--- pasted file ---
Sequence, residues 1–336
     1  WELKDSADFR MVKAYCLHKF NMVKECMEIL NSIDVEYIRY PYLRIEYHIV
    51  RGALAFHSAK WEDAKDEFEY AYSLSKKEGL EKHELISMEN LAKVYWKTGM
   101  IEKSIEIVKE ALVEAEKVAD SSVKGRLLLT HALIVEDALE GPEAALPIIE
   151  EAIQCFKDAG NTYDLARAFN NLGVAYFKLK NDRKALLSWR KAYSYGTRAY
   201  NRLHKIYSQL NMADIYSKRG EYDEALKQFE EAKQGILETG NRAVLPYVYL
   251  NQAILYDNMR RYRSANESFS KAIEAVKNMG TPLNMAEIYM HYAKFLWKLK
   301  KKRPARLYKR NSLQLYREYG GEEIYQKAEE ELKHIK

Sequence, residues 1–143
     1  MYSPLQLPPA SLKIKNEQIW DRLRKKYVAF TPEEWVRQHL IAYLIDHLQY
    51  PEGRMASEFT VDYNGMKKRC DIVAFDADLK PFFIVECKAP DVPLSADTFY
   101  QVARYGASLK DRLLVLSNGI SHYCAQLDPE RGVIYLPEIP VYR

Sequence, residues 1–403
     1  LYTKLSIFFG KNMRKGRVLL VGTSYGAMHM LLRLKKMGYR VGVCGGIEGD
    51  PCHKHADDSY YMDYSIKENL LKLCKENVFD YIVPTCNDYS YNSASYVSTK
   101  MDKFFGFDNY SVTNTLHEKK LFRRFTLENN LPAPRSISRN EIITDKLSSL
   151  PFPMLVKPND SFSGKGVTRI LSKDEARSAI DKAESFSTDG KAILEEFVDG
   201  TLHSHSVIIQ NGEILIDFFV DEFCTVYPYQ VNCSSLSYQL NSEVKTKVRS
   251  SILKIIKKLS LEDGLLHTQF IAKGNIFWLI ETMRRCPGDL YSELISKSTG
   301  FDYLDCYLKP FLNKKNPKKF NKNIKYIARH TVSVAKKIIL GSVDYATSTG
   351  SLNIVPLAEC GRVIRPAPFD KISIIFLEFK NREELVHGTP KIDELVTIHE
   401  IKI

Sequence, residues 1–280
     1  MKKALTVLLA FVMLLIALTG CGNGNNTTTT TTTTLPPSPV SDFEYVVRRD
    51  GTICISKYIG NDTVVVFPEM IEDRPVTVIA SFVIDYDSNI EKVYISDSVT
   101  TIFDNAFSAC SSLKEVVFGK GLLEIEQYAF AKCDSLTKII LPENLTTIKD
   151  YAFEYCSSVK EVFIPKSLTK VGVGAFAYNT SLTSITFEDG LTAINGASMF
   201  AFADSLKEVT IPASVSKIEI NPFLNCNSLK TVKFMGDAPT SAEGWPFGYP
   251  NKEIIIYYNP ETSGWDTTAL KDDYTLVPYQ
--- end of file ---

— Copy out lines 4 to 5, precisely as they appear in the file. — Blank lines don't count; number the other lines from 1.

   101  IEKSIEIVKE ALVEAEKVAD SSVKGRLLLT HALIVEDALE GPEAALPIIE
   151  EAIQCFKDAG NTYDLARAFN NLGVAYFKLK NDRKALLSWR KAYSYGTRAY